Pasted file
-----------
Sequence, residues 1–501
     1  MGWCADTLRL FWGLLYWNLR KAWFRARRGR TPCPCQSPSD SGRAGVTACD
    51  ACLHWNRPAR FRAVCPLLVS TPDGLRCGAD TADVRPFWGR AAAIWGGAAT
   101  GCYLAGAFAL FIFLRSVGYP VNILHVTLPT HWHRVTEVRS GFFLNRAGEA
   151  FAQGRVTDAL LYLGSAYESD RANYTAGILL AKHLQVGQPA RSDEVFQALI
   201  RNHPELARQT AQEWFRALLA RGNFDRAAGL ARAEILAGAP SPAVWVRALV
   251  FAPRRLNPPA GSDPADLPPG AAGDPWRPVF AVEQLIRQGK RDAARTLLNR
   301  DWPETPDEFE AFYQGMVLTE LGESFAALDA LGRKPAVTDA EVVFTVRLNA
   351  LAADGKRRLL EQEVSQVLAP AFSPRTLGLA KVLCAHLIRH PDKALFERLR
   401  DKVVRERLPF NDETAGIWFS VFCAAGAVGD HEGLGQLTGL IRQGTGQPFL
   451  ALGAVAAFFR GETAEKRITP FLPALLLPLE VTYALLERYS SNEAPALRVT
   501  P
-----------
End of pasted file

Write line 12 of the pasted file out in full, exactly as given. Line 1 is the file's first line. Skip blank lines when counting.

   501  P